The Braid Mission, a ministry of the Episcopal Diocese of California and lead sponsor of the exhibition, is a spiritual community that brings together the young, entrepreneurial spirit of San Francisco with the needs of youth whose life experience has included the challenge of being in foster care. In the words of The Reverend Rebecca Edwards, ““At Braid, it is our fundamental belief that divine love heals wounds and all of us are channels of that love. Whether or not you describe yourself as a person of faith, everyone has the power to bring healing love to a foster child.”

Foster Youth Museum was conceived by a group of former foster youth who wanted to share their experiences, so people could better understand the needs of foster youth in their community. In 2012, there were 51,800 children under the age of 18, in California, living in foster care. Approximately 4,000 foster youth “age out” of care each year with insufficient housing, support, education, wellness, and resources.[1]

Lost Childhoods is curated by Ray Bussolari and a team of exhibition collaborators, all of whom are former foster youth. The exhibit features more than 50 items, and is made possible with the generous support of Braid Mission, Grace Cathedral, the Diocese of California, Zellerbach Family Foundation, and Stuart Foundation.

Grace Cathedral, 1100 California Street, San Francisco, CA, is open daily from 9 a.m. to 6 p.m. Admission is free.

[1] http://www.casey.org/media/California_SIFS_2014_SC2.pdf

Freshies

By: Brittany Walker Pettigrew

I had the honor of seeing a small portion of the Foster Youth Museum in April 2015 at the Fairness and Equity Symposium in Oakland, CA. The conference, sponsored by the California Social Work Education Center (CalSWEC), featured the Homeless exhibition that took guests through the foster youths’ experiences in systems of care and homelessness.

At the end of the exhibit, there was an opportunity to take a pair of new socks, dubbed “Freshies,” in a homemade wrapper to give to a homeless youth. I thought that this might be the coolest souvenir I have ever gotten from a museum! It’s almost embarrassing to think of how trite that is in retrospect…but by my office at 5th and Broadway in Oakland, there are a number of people “spangin'”– asking for spare change, as I learned in the exhibit–every day and on nearly every corner. And come to think of it, many of them look pretty young…I took three and within the next 36 hours, they all had new owners.I have always struggled with giving money to people asking for spare change. I have never been able to give without feeling entitled to tell people how they can spend it so I say “Sorry, not today” and that’s it. But when I was asked for spare change and I offered, “Would you like a fresh pair of socks?” the response caught me off guard. I suppose I expected a casual, if not flip, “Sure”, kinda like when someone gives you new underwear as a present at Christmas. Certainly, a useful gift that one wouldn’t turn down, but not exciting. What I heard was “REALLY?!”…”Oh my God, YES!”…I can only imagine that they didn’t think I actually had them on me. So when from the depths of my purse, I produced a pair of “freshies,” each and every one cupped them in their hands and held them to their heart. All of them used the word “amazing” in their expressions of gratitude. It was moving how much they appreciated them. I just had no idea.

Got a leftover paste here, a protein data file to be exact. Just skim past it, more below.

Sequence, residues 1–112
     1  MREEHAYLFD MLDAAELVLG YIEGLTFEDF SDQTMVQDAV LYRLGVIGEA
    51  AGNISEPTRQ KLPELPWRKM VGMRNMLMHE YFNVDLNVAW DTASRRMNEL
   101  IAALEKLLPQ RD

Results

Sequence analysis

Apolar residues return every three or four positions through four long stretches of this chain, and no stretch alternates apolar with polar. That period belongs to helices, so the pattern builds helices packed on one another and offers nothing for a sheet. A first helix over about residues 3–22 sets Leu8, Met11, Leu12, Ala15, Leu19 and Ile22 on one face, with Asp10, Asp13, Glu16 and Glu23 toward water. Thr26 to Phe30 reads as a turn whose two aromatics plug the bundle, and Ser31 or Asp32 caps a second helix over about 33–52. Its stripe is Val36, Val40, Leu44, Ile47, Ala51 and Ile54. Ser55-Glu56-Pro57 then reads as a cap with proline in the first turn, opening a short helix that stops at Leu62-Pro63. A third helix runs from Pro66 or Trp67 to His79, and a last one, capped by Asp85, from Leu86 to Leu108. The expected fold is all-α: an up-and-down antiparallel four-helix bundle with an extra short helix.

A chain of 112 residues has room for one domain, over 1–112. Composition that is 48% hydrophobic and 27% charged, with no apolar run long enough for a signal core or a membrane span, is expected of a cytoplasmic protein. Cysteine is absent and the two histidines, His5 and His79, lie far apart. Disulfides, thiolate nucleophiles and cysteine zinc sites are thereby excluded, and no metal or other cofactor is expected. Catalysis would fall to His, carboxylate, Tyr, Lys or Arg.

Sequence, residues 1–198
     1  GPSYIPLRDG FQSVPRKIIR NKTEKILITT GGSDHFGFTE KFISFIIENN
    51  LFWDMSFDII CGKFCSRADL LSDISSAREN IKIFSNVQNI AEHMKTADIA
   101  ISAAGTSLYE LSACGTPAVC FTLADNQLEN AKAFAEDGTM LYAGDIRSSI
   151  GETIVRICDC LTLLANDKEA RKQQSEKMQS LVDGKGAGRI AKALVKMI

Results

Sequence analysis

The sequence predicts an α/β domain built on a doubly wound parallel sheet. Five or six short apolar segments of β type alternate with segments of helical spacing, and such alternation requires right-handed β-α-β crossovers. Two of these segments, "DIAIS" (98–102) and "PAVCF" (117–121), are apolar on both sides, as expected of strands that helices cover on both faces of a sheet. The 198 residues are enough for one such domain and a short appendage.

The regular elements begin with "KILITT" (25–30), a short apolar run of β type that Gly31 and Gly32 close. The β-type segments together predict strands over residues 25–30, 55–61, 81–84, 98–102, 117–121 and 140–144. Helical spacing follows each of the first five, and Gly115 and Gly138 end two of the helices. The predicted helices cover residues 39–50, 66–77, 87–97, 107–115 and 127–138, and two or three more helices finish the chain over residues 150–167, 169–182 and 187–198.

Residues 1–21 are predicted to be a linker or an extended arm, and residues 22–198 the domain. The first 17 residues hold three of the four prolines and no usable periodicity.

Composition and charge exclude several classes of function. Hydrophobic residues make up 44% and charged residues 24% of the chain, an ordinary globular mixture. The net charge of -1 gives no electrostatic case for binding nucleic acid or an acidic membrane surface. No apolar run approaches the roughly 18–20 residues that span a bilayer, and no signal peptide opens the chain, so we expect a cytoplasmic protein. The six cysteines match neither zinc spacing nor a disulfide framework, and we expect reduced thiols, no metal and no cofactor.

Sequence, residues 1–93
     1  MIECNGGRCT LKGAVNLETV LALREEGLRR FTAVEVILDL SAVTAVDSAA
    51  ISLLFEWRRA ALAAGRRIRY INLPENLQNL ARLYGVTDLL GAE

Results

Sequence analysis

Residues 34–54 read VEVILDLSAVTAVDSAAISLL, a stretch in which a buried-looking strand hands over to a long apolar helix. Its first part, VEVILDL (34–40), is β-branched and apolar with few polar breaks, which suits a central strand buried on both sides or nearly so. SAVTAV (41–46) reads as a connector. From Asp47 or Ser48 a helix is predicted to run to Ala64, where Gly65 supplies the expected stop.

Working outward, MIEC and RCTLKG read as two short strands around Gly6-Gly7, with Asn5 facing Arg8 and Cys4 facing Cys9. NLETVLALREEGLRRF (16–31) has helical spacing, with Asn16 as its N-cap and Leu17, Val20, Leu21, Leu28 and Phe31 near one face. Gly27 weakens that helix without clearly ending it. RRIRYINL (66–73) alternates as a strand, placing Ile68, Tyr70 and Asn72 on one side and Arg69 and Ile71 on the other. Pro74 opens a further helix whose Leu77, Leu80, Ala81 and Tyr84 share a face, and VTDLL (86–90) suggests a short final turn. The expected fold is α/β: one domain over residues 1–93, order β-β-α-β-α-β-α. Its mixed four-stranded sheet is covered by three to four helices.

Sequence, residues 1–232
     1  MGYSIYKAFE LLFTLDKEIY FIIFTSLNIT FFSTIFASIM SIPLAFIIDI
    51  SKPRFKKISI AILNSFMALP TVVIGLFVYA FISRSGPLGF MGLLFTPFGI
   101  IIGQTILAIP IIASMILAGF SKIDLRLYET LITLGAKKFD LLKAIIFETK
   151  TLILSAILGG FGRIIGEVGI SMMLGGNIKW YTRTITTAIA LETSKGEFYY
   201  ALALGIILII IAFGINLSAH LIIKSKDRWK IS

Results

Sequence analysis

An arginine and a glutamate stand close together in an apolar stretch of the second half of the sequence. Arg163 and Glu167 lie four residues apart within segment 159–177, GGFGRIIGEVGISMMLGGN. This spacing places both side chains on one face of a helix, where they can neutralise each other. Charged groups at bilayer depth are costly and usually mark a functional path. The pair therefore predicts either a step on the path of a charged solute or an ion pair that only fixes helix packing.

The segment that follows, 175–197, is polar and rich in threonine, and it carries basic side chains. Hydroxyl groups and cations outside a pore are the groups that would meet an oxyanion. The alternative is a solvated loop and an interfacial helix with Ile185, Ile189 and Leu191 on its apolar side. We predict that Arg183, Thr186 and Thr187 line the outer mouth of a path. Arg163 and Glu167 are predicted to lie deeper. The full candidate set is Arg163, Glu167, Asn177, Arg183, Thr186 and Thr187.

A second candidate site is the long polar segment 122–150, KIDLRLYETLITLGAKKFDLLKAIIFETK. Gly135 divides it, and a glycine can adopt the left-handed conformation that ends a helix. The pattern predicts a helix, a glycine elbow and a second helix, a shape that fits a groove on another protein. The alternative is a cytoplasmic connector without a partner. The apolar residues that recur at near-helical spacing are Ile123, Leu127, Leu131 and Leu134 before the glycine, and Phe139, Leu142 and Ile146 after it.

With each “freshie,” I just wanted people to know that someone who doesn’t know them cares about them all the same. And if each “freshie” sends that message, well that’s a donation I can most certainly give freely.

To support bringing Foster Youth Museum to more communities, we welcome your donation.